Theoretical orientations of New Zealand psychologists: An international comparison

Nikolaos Kazantzis, Frank P. Deane

Research output: Contribution to journalReview ArticleResearchpeer-review

17 Citations (Scopus)


Registered practicing psychologists in New Zealand (n = 221) were surveyed concerning their predominant theoretical orientation. Results were compared with findings obtained among Australian psychologists by Byrne and Reinhart (1990), British psychologists by Garrett and Davis (1995), and North American psychologists by Norcross, Karg, and Prochaska (1997a). The results showed that while New Zealand psychologists use cognitive approaches more often than both British and North American psychologists, they use behavioral and psychodynamic approaches less often. Overall, it was found that the eclectic approach is the most popular theoretical orientation obtained in surveys of Australian, New Zealand, and North American psychologists, in that no group subscribed exclusively to a single theoretical orientation.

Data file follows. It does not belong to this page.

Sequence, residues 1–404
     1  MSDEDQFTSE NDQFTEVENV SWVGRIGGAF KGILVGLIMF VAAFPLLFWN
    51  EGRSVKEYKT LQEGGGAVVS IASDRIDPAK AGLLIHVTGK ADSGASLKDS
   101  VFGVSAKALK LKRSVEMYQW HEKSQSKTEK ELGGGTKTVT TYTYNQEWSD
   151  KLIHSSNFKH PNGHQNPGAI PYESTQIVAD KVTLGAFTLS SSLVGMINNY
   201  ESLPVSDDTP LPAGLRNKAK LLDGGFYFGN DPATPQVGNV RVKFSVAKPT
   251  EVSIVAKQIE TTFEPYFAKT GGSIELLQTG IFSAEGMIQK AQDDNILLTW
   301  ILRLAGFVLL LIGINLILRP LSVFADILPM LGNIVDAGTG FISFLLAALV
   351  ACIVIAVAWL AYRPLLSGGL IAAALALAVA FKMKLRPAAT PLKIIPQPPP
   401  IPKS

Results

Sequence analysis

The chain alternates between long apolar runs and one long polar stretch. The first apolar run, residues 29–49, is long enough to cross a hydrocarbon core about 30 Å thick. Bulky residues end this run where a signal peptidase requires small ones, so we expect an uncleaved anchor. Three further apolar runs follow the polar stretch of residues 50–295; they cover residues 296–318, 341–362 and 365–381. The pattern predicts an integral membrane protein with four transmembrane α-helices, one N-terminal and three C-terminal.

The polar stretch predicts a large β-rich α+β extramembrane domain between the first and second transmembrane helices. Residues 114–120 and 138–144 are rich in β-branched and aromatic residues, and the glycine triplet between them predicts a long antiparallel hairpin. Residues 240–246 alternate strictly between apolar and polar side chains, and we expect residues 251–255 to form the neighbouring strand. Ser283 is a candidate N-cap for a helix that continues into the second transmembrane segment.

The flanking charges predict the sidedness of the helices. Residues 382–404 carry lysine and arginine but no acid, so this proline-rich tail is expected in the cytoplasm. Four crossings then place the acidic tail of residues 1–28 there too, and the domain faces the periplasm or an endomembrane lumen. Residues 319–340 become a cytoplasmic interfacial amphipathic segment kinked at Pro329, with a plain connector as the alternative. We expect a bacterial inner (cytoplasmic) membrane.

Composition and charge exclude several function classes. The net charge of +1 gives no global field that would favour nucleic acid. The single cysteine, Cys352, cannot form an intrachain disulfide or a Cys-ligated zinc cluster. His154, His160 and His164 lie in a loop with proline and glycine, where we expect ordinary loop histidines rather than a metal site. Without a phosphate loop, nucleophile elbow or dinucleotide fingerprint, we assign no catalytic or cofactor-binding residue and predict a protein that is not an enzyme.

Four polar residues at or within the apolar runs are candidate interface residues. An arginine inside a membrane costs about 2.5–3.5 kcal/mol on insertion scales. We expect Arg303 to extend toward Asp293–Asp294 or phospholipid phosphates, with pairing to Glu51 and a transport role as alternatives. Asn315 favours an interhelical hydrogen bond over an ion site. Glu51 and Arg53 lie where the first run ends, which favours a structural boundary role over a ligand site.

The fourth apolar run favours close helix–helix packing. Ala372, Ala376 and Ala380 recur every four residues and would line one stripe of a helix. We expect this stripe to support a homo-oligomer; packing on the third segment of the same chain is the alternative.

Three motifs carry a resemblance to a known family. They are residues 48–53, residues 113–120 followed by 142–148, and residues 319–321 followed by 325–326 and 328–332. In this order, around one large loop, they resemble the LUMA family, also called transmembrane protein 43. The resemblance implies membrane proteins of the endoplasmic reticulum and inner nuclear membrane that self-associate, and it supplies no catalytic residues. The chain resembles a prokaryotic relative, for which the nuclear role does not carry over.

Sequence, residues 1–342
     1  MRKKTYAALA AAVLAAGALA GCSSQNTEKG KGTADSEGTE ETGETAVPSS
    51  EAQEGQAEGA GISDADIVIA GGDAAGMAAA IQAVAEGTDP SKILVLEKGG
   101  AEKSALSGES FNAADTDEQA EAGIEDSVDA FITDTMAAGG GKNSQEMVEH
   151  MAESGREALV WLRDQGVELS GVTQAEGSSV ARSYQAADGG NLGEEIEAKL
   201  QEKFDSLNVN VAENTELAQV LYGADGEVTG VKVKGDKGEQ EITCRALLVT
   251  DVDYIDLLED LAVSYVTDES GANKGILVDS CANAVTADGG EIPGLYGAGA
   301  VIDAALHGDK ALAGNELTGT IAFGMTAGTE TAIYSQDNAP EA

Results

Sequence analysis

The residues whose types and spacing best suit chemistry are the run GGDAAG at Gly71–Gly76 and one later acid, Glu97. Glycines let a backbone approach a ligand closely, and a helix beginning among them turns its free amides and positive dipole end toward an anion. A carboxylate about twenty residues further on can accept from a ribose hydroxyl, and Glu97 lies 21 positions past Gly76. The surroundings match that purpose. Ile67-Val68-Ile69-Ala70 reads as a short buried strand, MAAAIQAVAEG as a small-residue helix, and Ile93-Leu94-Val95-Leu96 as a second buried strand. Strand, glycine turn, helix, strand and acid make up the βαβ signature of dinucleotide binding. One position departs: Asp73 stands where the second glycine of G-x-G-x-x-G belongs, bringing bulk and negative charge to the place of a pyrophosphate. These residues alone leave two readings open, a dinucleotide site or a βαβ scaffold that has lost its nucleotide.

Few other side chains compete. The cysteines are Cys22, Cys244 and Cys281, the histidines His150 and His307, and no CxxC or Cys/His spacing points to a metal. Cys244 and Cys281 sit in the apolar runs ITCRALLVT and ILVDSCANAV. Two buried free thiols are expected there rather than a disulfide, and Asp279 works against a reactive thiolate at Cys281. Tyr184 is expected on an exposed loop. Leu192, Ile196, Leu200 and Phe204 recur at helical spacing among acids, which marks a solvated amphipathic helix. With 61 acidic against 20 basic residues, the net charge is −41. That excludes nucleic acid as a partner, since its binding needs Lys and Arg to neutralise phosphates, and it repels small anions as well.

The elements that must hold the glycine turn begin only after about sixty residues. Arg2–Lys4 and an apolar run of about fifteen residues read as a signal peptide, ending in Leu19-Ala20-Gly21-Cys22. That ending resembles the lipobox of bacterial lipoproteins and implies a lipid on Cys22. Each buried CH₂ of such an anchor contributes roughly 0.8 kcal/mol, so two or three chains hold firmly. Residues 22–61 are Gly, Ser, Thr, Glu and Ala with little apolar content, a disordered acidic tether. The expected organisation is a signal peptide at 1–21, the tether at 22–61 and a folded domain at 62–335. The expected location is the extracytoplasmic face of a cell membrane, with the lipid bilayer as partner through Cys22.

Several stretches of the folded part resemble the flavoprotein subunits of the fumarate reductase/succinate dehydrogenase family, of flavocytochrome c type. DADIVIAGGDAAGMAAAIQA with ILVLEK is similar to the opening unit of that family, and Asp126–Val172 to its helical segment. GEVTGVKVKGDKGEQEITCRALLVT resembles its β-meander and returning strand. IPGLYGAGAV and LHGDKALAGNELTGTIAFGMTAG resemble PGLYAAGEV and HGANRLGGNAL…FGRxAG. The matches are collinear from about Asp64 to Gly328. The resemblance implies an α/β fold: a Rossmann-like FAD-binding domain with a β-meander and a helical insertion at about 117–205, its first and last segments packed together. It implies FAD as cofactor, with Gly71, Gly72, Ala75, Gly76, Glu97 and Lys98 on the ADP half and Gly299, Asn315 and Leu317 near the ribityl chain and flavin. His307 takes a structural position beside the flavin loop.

Original languageEnglish
Pages (from-to)97-113
Number of pages17
JournalJournal of Psychotherapy Integration
Issue number2
Publication statusPublished - 1 Jan 1998
Externally publishedYes


  • Australia
  • Britain
  • New Zealand
  • North American
  • Theoretical orientation

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